Monday morning gold plunged in a 10-minute window on heavy volume. Price quickly recovered amid speculation as to precisely what happened.
MarketWatch reports Gold market ‘flash crash’ explanations vary from ‘fat finger’ to ‘price manipulation’
Gold futures suffered a sudden, brief drop in prices early Monday on the Comex division of the New York Mercantile Exchange, with market watchers blaming the move on everything from a “fat finger” to trader liquidation to price manipulation.
According to Nanex, a trade of about 4,200 contracts sent February gold GCG4 -0.07% tumbling by $30 an ounce on heavy volume at around 10:14 a.m. Eastern and triggered a 10-second trading halt. Prices fell from about $1,245 to around $1,215 an ounce in just moments. The crash came about 14 minutes after the release of U.S. factory orders and ISM services index data.
Phil Flynn, a senior analyst at Price Futures Group, at first said the drop looked like it was due to a “fat finger,” then added there was speculation over a broker liquidating positions.
Mark O’Byrne, executive director at GoldCore, said the “flash crash today had the hallmarks of price manipulation.” Still, “as ever, it is nearly impossible to tell and could have been a fat finger trade or a large fund or bank liquidating a gold position.”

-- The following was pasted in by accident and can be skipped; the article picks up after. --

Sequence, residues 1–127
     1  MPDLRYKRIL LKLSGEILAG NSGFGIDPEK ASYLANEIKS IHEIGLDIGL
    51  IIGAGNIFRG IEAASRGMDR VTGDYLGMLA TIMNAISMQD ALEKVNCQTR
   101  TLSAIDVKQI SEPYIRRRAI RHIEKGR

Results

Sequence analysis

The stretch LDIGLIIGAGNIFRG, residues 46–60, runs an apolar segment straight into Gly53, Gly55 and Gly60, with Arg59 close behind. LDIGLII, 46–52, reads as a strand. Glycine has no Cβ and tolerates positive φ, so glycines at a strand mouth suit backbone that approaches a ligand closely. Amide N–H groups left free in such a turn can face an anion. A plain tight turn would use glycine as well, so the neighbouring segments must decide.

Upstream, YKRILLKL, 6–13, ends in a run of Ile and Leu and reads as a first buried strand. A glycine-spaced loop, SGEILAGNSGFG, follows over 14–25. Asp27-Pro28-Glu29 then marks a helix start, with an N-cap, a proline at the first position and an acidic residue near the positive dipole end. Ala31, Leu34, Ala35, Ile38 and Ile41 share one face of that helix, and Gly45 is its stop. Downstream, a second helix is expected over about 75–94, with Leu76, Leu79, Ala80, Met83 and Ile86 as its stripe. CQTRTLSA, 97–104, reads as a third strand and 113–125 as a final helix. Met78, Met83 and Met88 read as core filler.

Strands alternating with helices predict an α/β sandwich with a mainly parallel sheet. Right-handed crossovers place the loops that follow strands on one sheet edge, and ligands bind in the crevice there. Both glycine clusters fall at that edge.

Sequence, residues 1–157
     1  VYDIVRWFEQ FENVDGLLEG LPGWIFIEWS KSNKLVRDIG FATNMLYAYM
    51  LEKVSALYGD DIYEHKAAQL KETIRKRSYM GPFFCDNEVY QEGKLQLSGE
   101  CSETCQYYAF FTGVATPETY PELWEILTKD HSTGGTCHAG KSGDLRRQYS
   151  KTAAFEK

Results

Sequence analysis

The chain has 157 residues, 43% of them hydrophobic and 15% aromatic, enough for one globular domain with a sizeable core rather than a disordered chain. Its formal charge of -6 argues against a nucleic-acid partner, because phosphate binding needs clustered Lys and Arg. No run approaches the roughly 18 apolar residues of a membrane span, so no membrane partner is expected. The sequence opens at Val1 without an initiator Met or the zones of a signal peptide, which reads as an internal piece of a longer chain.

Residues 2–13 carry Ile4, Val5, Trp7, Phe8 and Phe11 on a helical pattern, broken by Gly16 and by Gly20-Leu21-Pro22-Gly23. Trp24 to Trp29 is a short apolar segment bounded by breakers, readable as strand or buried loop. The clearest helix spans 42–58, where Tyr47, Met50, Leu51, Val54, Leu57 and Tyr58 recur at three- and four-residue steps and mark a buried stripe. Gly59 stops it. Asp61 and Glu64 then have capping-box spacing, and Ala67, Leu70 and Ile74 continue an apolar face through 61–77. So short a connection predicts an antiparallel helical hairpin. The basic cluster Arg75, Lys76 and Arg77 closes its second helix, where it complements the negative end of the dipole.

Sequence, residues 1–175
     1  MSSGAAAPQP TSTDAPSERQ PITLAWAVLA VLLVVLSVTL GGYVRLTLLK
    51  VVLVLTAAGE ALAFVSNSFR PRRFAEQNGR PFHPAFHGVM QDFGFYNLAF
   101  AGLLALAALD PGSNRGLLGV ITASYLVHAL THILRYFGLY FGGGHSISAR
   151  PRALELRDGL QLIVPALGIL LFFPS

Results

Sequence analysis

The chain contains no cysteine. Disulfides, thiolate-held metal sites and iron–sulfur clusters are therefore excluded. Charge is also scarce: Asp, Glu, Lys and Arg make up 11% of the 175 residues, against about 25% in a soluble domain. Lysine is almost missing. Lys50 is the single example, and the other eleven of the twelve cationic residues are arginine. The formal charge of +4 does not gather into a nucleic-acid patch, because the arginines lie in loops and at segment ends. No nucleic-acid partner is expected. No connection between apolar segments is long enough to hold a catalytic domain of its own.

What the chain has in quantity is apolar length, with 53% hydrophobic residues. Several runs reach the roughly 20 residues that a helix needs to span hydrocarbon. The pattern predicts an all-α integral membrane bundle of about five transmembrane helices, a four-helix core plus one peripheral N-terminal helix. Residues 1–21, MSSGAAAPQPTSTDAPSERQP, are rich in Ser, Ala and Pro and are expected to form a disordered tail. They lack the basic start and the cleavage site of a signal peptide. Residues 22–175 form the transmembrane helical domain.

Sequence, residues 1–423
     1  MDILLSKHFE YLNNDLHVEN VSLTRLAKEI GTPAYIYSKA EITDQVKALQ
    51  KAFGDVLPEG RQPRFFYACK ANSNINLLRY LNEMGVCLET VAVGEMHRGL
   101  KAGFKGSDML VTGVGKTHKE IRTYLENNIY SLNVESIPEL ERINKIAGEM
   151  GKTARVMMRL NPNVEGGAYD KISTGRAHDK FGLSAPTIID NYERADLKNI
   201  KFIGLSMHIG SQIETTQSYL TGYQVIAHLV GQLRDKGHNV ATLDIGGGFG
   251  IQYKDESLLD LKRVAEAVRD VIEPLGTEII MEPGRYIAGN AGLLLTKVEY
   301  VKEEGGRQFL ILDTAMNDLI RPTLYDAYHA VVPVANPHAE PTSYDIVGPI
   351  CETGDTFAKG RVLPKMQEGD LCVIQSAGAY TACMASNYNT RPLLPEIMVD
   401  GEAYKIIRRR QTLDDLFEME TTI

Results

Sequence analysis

Meanwhile, Ross Norman, chief executive officer at Sharps Pixley, said that the move “looks to be shorts defending their substantial positions.” But “some of us have doubts, which makes gold a steal at these prices,” he said. “In fact, [it’s] the cheapest insurance in town against economic difficulties.”
Now the real question is whether the U.S. Commodity Futures Trading Commission and exchange “will investigate and try to actually enforce its regulations,” said Brien Lundin, editor of Gold Newsletter.
“Apparently there was no investigation into the mid-April episode where gold contracts were dumped simultaneously to push the price through sell stops. Either position limits were ignored by the exchange in this instance, or there was collusion involved — either of which should have been investigated and exposed,” he said.
“I’m afraid that today’s spike downward is further evidence that the current regulatory regime isn’t working,” said Lundin.